Hiding a bad intention behind a good intention. It is a story as old as man. But the apparent truth of the statement – that we hide a bad intention from others behind a good intention – doesn’t tell the whole story. Most of the time, with most people, the deception is born in the deceiver’s own heart, long before he takes it out for a drive. In other words, the person that it is most necessary to deceive, first and foremost, is ourselves. Most of us can’t enter into a relationship with another human being knowing our intention for them is bad. So we first must convince ourselves that what we propose to do, we are doing with only good intentions, when we know deep down that what we are about to do is for only bad intentions. That is why the successful deceiver is so convincing; he has practised and perfected the deception on himself already. In fact, it is almost necessary to the success of the proposed bad act that the bad actor be convinced it is a good act. Most people can sense a blatantly bad act and actor. There’s just something about them. With these people, we are less likely to be taken in.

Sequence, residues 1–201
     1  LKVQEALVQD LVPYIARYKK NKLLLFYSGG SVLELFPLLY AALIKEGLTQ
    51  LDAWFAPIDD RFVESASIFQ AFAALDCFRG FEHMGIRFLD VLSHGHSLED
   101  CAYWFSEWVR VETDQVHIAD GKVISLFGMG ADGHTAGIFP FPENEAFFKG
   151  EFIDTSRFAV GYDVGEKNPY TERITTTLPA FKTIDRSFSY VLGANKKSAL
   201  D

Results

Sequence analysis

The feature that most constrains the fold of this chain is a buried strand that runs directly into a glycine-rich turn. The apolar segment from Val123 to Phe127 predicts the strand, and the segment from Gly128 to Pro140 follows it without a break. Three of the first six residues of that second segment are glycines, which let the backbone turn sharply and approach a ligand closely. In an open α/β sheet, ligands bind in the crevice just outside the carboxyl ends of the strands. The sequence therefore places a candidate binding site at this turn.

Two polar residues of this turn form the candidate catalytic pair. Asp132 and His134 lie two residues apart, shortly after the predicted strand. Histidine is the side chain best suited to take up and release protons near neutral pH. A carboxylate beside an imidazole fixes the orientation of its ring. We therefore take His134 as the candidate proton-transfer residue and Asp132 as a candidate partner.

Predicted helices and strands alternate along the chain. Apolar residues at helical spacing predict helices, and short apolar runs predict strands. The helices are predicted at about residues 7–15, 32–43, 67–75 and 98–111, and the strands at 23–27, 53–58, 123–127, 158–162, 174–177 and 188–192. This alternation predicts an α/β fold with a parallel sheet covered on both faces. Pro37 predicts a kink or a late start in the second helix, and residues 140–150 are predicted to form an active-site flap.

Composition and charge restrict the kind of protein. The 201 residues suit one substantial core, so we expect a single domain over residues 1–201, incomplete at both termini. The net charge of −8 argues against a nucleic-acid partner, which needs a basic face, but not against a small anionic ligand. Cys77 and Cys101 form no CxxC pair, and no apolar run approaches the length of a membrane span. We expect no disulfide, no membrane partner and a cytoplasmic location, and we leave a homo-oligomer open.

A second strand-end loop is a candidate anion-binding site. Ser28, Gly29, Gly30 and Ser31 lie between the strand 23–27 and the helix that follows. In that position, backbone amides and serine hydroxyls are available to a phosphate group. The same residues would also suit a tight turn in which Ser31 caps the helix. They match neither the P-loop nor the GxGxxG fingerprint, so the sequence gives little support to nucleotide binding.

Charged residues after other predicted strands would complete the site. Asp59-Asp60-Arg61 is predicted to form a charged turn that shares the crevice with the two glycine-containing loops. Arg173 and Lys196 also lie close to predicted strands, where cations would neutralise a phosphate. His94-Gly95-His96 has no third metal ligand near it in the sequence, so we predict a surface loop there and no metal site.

Despite all the talk in Western societies that people suffer from low self esteem, the truth might be somewhat different. Someone once wrote that we like to ascribe bad motives to the people we deal with and only the best of motives for ourselves. We almost always give ourselves the benefit of the doubt while often suspecting others of being less trustworthy. Far from suffering from doubt regarding our own self worth, we have too much confidence in our own goodness. Except in those occasional times of honest self-reflection, when the mask comes down and are sometimes horrified to find what we find.